From Southbridge, Massachusetts, USA:
I have had type 1 diabetes for 15 years today and cannot say that I have taken extremely good care of myself for a few years. I am 29 now and am realizing the limitations of mortality, etc. Essentially, I want to see my children grow old and am worried.
I started monitoring my glucose levels again after about a year of doing nothing and am coming up with surprising results. I run pretty high all the time. Ranges from 212 mg/dl [11.8 mmol/L] on the low end to 329 mg/dl [18.3 mmol/L] on the high. I have tried exercise to bring it down with no luck and once was able to bring my sugar down from 329 mg/dl [18.3 mmol/L] to 115 mg/dl [6.4 mmol/L]( then to have it plunge to 57 mg/dl [3.2 mmol/L] which may have been as a result of the morning 10 units of NPH kicking in). Am I abnormal? Have I built a tolerance to the insulin (I take 5 units of R morning and night and 10 units of NPH morning and night)? I was tagged with the title "Garden-Variety" when I was diagnosed 15 years ago. I feel as out of control as I did then. It sure pays to monitor I realize now.
What can I expect my life expectancy to be at this rate? I don't intend on continuing this way but wonder.
You are not alone in your questions. I think that you are feeling what a number of people feel about having diabetes. Although it may have taken you a while to get there, it sounds like you are really interested in better blood sugar control. You need to have a partner in this endeavor. Preferably, you need a diabetes team to work with that can help you to understand, monitor, and act on the sugar results you get. It is not uncommon for people with type 1 diabetes to have marked fluctuations in their glucose levels. Although you are taking NPH and Regular insulin, there are number of ways to take these insulins, as well as several other insulin regimens with different insulin products. You need to have a serious talk with your diabetes care provider in order to have the best insulin regimen for your care. This takes into consideration your schedule, life style, self-care skills, activity, frequency of hypoglycemia, and your HbA1c results.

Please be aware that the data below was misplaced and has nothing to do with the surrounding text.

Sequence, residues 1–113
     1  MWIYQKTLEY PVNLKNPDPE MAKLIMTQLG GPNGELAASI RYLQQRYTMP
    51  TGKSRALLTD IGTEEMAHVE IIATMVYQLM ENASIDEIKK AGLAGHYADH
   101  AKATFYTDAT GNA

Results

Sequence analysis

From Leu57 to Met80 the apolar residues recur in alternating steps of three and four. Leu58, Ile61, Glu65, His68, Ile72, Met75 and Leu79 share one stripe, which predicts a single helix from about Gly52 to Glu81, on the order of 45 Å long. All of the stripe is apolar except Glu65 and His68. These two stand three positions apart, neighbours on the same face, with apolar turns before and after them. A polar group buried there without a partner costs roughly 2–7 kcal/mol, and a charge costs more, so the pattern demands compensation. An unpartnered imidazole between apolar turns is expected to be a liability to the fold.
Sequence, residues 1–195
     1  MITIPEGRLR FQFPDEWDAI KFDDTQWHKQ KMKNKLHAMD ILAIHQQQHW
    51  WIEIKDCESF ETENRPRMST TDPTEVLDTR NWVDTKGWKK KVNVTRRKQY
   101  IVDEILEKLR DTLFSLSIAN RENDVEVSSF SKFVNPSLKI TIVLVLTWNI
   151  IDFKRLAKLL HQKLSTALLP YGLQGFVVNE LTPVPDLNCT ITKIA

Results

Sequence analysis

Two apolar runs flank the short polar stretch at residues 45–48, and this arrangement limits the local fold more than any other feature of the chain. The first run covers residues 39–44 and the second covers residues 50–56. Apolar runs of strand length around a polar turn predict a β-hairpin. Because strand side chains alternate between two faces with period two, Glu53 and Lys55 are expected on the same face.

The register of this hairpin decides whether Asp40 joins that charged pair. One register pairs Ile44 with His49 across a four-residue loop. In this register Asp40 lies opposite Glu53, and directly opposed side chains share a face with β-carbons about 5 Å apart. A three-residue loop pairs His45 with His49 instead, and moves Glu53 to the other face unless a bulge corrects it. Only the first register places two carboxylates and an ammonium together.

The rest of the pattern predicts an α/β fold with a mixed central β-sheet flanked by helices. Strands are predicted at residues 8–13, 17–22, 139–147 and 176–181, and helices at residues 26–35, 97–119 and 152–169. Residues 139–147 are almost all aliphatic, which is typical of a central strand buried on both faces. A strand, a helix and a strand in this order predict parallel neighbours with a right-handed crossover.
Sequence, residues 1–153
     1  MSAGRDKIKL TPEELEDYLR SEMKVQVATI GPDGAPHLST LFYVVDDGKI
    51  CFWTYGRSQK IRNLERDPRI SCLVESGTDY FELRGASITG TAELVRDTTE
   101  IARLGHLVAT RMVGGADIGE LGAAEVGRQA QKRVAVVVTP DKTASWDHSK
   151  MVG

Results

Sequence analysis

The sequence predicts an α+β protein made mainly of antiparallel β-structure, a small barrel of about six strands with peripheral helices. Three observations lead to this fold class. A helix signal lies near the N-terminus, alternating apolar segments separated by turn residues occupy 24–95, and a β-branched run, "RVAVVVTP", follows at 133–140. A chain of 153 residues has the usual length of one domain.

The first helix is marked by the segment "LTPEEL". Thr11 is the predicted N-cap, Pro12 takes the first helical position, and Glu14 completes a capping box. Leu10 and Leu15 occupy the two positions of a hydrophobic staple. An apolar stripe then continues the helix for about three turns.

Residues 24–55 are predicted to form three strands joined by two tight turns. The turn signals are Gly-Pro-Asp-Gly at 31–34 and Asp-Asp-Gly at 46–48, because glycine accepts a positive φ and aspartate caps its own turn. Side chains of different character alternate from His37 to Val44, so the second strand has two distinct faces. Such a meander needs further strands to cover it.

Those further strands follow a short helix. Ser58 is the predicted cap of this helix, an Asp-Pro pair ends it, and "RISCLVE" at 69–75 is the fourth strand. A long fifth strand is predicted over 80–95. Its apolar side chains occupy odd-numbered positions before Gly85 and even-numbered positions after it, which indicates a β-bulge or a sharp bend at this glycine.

Once you have invested in the need to treat higher blood sugars, the care you get allows you to have gradually better blood sugars over time. It just doesn't happen overnight. Make sure you are working with a diabetes care team than can give you the help you need. Talk with them about these issues. It is always better to have lower sugars, as opposed to higher sugars. Even with fifteen years of poor control, you can begin to have better blood sugars today. Your overall medical condition, as evaluated by your physician, is a better indicator of your medical prognosis. Such things as the presence of heart disease, nephropathy, neuropathy, and retinopathy are indicators of your medical status. However, for the most part, these conditions all do better with better blood sugar control. I wish you the best in getting your sugars into better control. You have made a great step forward in realizing how important it is.
Original posting 4 Jan 2001
Posted to Tight Control
Last Updated: Tuesday April 06, 2010 15:09:16
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